What has motivated you to get involved with an organization that aims to improve our understanding of mental health?

Being at the receiving end of chronic depression was the biggest challenge I have faced, and one that has been significant to my journey. As I slowly recovered, I realized that there was a lot of to be done in the mental health field in my communities in Markham and London, and in my native Bangladesh.

Frankly, I could not have overcome my mental illness without a caring support system. Having friends and family members who believe in you while you’re a trainwreck is absolutely important, as mental illnesses can make you yearn for social acceptance. So, I want to be there for those who do not have this support system or are finding it difficult to express to their loved ones what they are going through, much like I did. Working for yWE TALK gives me a sense of pleasure of giving back to the community and simultaneously learning tangible skills.

The most motivating factor, however, is the stigma around mental health in Bangladesh. Dhaka is where I was born and raised, and is the place I call home. Seeing that mental health has little to no voice in Bangladesh, makes me determined to make a large difference there. In many areas in Bangladesh, the rehabilitation procedures for the mentally ill include physical labour, and there’s a common association between depression and drugs. Essentially, the mentally ill are labelled as drug-addicts, lunatics or anything in between. I do not have a concrete plan yet but I know that I want to be a part of a movement to change that. I feel that gaining experience with a small youth organization, such as yWE TALK, can show me how I can contribute to this change.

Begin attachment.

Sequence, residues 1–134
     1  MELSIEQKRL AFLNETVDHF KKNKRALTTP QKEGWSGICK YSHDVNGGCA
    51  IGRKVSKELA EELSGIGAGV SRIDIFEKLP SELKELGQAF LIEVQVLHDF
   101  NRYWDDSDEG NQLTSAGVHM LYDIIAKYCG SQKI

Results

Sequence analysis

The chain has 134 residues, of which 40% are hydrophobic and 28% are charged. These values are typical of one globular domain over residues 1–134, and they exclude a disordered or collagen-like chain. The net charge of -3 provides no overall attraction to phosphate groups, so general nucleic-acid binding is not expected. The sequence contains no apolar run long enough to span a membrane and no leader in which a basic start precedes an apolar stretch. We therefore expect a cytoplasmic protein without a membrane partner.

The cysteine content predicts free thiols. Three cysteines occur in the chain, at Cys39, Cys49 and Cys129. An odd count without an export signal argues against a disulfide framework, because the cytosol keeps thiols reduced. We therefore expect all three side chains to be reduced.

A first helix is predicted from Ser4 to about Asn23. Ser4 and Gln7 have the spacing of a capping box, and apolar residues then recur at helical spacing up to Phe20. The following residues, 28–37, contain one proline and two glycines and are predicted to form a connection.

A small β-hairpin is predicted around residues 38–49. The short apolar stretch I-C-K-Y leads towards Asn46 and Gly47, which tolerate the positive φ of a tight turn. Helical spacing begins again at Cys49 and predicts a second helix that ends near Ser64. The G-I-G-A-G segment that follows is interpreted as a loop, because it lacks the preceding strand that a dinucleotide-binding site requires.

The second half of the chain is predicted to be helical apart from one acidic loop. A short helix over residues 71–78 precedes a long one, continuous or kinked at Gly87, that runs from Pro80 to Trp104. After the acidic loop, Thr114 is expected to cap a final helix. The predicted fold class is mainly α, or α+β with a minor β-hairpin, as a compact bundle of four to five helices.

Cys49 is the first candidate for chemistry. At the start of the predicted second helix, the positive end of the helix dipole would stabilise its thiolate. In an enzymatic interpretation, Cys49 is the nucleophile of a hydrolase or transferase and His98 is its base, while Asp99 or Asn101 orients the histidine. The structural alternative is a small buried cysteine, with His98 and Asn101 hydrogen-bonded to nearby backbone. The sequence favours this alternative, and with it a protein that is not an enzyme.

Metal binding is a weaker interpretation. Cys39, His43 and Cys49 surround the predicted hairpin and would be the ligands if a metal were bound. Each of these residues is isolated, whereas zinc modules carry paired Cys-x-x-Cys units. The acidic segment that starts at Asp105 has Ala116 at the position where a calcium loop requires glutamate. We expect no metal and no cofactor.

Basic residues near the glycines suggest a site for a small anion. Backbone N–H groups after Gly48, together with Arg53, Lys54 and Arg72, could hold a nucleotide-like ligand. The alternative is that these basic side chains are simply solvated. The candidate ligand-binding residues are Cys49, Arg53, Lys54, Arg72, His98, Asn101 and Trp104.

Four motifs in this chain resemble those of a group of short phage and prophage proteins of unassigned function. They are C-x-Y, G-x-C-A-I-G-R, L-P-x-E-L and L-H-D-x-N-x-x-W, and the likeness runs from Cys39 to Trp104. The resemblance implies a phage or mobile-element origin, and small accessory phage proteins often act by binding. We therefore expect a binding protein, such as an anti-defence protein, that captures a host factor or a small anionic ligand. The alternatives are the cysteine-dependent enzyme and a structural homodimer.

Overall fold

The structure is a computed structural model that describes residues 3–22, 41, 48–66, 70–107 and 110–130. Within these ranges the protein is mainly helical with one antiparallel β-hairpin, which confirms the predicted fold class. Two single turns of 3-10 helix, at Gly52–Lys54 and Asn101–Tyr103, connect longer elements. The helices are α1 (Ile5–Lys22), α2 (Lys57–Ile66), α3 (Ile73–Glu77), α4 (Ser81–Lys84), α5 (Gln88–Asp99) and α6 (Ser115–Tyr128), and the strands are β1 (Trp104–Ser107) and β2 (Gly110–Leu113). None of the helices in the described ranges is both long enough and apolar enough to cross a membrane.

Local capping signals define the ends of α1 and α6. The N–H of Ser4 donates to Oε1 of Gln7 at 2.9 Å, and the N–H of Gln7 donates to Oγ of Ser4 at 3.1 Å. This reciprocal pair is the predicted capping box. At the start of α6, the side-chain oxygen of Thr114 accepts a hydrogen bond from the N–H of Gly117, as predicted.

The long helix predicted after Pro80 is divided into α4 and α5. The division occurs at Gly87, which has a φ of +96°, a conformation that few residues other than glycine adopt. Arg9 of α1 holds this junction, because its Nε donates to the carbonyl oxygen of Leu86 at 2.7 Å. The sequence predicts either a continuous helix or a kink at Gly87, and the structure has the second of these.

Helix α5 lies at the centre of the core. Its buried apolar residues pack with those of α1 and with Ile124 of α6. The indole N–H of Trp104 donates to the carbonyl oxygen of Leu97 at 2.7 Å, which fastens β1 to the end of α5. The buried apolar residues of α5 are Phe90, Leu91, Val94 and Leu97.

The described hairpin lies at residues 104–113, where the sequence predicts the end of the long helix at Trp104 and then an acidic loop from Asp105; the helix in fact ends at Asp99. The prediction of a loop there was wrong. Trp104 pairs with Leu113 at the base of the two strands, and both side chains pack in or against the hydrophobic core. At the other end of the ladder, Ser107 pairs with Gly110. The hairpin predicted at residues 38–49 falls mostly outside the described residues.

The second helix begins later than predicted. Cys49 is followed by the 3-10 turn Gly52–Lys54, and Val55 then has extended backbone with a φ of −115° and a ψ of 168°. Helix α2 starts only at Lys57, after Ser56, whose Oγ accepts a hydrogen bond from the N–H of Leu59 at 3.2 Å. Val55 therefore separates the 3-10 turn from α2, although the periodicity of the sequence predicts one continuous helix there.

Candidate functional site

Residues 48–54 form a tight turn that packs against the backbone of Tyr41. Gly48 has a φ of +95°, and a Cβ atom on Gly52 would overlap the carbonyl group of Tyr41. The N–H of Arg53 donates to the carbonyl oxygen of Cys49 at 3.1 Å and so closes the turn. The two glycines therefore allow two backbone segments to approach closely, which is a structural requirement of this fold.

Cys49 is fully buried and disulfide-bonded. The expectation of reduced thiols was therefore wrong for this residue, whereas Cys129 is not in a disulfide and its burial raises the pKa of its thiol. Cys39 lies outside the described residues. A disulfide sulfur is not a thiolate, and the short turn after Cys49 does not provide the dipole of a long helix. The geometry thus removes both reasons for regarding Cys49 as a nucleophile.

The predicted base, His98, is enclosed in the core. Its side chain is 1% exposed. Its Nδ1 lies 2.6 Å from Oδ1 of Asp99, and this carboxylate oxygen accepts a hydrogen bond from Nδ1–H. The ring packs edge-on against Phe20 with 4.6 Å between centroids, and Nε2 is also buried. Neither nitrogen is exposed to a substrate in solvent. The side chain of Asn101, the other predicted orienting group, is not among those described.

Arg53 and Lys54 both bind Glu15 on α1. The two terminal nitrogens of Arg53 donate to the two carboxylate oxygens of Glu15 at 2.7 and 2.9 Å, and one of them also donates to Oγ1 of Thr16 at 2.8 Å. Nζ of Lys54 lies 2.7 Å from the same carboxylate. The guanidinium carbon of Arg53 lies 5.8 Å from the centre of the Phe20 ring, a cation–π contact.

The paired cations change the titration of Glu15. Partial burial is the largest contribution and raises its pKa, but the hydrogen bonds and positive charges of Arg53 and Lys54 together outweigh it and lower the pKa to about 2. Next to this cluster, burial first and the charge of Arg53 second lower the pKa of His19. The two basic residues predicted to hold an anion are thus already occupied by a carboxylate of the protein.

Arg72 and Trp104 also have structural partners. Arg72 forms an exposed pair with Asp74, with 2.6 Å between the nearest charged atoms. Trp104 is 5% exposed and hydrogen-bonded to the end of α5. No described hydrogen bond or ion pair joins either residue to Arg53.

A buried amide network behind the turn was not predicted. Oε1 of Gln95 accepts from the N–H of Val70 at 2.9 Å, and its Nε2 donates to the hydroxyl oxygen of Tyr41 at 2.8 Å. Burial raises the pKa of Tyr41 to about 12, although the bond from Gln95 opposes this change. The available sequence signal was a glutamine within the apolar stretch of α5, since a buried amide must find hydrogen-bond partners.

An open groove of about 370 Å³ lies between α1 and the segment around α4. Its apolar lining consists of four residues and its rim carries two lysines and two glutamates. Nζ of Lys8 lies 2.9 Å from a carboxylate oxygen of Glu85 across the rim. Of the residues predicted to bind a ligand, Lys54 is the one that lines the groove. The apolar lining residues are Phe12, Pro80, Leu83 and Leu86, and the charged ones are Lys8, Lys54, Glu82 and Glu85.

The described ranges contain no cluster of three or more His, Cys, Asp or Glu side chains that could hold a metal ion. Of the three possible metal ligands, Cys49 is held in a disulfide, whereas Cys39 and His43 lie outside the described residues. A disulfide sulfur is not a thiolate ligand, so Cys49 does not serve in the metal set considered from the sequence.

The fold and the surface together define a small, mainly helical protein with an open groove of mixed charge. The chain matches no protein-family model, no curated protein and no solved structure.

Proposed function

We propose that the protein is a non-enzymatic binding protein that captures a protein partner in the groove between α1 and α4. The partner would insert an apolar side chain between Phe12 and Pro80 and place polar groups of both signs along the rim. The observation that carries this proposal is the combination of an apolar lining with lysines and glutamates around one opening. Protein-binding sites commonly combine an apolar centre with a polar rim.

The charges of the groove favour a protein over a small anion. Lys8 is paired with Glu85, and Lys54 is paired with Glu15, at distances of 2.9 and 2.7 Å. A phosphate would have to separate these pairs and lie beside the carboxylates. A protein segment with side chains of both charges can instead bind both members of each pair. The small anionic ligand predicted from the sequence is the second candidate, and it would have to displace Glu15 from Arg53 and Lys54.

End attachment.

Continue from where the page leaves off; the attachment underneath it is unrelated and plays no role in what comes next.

How can men contribute to raising awareness about mental health?
Men’s lack of contribution to the mental health area can be traced back to lack of participation in care work. On a global scale, women are still responsible for carrying a large burden of care work, which includes taking care of children, elderly and the malnourished. Even within our team at yWE TALK, I am the only male individual and there has been a high female to male ratio among those who attend our events. This shows that there’s potential to raise a lot more awareness among men about care work. So, as an active male, one should seek out opportunities where they can make small differences in the mental health field; from my experience I feel that they are genuinely rewarding. Speaking out about the importance of mental health and illness is also a great way to inspire others to abolish the stigma.

Interested in being an advocate for mental health? Click “Join Our Team” to see how you can get involved.